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Cape May Garden Journal: Zinnias Move In

By Jane Kashlak
Cape May Times Garden Columnist

August 24, 2004 - Zinnias are turning up everywhere in our Cape May garden ....mixed in with the verbena, tangled with the cardinal climber, crowding out the campanula.

Funny thing - we never planted zinnias this year. Or last year.

These zinnias are what the plants people call "volunteers" - flowers that take a liking to a spot and don't need to be drafted to come back the following year.

Truth be told we did plant zinnias there, once. That was all it took for these annuals to get a foothold in our woodpile garden. (The garden's named in memory of two previous woodpiles on the same spot. The woodpiles killed the grass beneath and voila - a garden was born.)

When the zinnia volunteer seedlings started popping up last year, we couldn't pull them out - what cold hearted person would pull out future flowers?? I did, however, later in the summer, yank the brash red and orange flowers, leaving only the more refined pinks. That eased the overcrowding situation a bit.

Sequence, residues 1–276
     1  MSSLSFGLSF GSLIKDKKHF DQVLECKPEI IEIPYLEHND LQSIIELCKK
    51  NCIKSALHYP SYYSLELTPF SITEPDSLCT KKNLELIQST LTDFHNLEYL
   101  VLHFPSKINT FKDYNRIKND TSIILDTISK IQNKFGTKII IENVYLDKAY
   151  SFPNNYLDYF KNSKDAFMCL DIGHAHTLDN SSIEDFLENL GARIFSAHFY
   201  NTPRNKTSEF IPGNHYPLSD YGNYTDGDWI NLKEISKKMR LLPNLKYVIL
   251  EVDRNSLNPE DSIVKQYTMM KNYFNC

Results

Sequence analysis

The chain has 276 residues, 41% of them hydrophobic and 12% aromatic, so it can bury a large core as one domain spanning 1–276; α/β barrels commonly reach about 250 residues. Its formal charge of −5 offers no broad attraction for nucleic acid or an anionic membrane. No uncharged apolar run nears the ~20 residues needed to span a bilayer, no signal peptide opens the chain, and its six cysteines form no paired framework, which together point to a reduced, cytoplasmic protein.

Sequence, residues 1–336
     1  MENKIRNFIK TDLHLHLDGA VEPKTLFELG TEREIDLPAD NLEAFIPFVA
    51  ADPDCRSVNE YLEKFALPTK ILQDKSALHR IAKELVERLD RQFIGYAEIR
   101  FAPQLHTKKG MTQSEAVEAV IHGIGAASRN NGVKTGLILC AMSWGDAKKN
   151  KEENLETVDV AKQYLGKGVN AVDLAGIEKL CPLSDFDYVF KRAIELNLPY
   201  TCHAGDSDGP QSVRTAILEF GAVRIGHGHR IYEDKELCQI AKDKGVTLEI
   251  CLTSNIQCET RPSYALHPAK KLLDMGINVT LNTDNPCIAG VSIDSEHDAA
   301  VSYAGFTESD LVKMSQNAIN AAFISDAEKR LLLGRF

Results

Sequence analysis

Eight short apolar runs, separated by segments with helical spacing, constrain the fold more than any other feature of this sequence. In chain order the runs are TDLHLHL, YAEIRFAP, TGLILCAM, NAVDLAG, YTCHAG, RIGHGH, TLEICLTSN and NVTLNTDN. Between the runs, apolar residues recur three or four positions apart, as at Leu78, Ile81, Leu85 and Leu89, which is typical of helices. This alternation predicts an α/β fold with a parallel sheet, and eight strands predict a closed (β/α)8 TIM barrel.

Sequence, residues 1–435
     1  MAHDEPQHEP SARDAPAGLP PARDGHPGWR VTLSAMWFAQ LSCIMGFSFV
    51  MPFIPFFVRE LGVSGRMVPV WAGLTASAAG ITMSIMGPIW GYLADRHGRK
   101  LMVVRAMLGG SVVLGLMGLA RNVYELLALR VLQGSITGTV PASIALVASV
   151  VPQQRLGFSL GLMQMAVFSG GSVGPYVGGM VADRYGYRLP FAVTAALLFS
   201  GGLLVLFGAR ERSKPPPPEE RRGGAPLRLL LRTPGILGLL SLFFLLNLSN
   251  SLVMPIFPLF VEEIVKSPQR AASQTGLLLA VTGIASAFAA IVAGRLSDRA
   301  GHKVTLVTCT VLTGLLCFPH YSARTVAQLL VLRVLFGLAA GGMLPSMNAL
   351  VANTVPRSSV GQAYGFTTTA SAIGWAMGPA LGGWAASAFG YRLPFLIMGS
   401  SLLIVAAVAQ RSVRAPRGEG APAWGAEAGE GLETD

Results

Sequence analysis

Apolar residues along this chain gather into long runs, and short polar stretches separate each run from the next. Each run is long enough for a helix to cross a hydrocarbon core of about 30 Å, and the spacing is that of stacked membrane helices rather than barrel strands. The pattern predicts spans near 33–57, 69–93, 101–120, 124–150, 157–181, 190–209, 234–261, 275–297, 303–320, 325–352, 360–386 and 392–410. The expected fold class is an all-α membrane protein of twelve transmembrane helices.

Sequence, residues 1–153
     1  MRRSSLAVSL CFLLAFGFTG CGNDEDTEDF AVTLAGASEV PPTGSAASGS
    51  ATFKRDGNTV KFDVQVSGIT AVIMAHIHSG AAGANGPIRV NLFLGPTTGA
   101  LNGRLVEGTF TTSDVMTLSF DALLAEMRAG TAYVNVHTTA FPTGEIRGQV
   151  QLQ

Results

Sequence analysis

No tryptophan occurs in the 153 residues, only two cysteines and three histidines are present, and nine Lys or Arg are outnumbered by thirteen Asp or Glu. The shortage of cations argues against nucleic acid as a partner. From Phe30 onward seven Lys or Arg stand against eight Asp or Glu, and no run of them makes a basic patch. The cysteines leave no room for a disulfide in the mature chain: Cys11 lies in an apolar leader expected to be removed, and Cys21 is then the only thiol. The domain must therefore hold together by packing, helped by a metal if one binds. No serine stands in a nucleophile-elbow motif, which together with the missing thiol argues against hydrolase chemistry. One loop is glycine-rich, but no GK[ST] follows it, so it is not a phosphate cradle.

This spring, there were big bare patches where the zinnias had been. Enough. This was supposed to be a perennial garden. It was time to get tough. So this spring, every time I saw a seedling early on, I gently pulled it from its spot. Gone. They might be pretty but they are also greedy little things...grabbing up as much water and sunlight as they can.

Garden Partner watched in horror as I pulled up those early seedlings. He is of the opposite temperament...a kind, gentle soul, not a ruthless plant killer.

The zinnias, I told him, could have a place of their own...not overshadowing the faithful perennials but with room to run wild. We would create an annual garden.

Funny thing, in the middle of the summer, cloaked by the growing mass of greenery in the woodpile garden, the zinnias made a comeback.

Out of the green tangle, a pale pink flower emerged, then another..and another.

Quietly these garden guerillas had snuck back into the perennial garden...and caught us unaware.

This time, however, there's not a red or orange one in the bunch. My Darwinian approach has produced perfectly shaped zinnia volunteers, with no hint of disease, in every shade of pink, from pale rose to deep magenta.

Of course, even I can not bring myself to pull them out of the woodpile garden now.

I push a zinnia away from the campanula - so the campanula can get a little air.

I eye another zinnia, snuggling up a little too closely to the Jupiter's Beard.

Maybe next year.

Check future Cape May Garden Journals to see how our garden grows.

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